Oral historian Sara Sinclair has been documenting the stories of Indigenous Americans through her upcoming book with Voice of Witness, How We Go Home. She documented the story of Jasilyn Charger, a Cheyenne River Sioux woman who was one of the first people to camp and create community at Standing Rock. Despite being credited as one of the youth who launched the Standing Rock movement, Sinclair writes, Charger found that her voice was largely absent from a New York Times article about her. The journalist relied heavily on things that other people said. In contrast, Sinclair’s oral history interview gave Charger a meaningful opportunity to tell a more nuanced story about her life and family, and why she went to Standing Rock, and what has happened since.

Georgetown University’s new Profiles in Peace Oral History Project shares the stories of women peacebuilders on the frontlines of conflict around the world, including Leymah Gbowee, whom I talked about earlier. Gbowee shared how it was only once she began to process and understand her own story, that she could begin to more deeply understand the stories of other women, and organize them. This is a critical point: The more we listen to women’s stories, in their own words, the better able we are to understand each other and build power together.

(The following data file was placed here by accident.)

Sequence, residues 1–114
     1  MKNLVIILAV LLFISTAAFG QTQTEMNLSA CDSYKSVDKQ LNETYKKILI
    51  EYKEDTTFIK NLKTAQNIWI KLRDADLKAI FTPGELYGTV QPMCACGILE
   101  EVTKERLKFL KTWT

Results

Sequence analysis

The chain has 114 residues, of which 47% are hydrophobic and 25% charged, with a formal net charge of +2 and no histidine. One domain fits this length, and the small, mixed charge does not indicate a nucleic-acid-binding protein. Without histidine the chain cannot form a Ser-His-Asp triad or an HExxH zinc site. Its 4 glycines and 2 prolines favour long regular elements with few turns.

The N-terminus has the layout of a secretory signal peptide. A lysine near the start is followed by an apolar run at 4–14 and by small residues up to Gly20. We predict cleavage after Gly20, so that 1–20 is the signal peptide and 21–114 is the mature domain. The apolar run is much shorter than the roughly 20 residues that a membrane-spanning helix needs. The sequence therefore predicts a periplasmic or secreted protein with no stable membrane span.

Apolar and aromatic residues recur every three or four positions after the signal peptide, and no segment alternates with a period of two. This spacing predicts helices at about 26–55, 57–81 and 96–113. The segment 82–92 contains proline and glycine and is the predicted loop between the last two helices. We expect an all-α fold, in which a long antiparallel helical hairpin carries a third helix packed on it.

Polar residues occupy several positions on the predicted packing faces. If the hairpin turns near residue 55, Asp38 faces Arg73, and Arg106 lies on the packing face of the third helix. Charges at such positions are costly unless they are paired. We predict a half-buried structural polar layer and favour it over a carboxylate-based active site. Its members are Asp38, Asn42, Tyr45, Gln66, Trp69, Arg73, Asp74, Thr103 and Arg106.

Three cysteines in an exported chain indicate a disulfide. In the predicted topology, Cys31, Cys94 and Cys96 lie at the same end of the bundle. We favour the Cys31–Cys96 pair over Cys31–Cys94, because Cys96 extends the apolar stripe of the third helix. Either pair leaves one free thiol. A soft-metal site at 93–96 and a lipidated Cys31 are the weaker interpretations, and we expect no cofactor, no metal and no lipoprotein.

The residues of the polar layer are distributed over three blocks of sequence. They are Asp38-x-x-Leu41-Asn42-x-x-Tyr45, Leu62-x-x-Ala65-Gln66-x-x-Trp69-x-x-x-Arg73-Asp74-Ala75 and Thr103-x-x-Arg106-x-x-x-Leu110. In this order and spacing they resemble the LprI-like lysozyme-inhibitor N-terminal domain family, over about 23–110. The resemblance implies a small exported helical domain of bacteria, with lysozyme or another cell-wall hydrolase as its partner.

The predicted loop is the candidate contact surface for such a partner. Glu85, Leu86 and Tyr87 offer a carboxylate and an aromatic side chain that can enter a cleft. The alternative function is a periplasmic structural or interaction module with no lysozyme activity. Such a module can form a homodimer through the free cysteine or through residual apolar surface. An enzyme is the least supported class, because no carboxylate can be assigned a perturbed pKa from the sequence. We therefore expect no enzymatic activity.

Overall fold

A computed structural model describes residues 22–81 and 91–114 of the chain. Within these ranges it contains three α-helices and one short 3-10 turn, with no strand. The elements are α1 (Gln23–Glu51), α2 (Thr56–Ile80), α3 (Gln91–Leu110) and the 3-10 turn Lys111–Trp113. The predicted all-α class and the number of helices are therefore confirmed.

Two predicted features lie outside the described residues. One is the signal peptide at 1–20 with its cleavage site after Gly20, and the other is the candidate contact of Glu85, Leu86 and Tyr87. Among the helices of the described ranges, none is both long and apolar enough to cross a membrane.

“Women do not need capacity, they need visibility,” Gbowee reflected. Through her own in-depth oral history, in which she discusses overcoming abuse and trauma, we see her not as an exception––not as an unrelatable, prize-winning, world leader––but as an ordinary, extraordinary woman who worked with many others like her to impact her society.

The great power of oral history is that it is within everyone’s reach. We don’t have to wait to be told that our stories matter, or to have someone in a position of power recognize us—we can recognize each other. Oral history is not about mastering complicated recording equipment and getting expensive history degrees, it’s about genuine curiosity and a commitment to listen. In a culture that’s obsessed with telling, listening allows us space to reflect more deeply, understand our differences and commonalities more profoundly, and honor people who change our lives and our world while educating ourselves and others.

What ordinary, extraordinary women do you want to honor, listen to, and learn from? Check out these resources from the Oral History Association and get started today.

Posted: March 11, 2020
Edition: Women's History Month